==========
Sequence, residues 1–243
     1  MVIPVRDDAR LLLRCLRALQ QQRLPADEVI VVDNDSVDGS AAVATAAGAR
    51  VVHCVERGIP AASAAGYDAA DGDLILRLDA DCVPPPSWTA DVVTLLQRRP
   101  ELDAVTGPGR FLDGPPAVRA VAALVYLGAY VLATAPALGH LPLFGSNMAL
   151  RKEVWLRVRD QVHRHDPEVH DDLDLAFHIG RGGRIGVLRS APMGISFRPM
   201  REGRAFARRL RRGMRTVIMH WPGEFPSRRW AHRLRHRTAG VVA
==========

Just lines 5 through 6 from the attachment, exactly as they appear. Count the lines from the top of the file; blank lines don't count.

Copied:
   151  RKEVWLRVRD QVHRHDPEVH DDLDLAFHIG RGGRIGVLRS APMGISFRPM
   201  REGRAFARRL RRGMRTVIMH WPGEFPSRRW AHRLRHRTAG VVA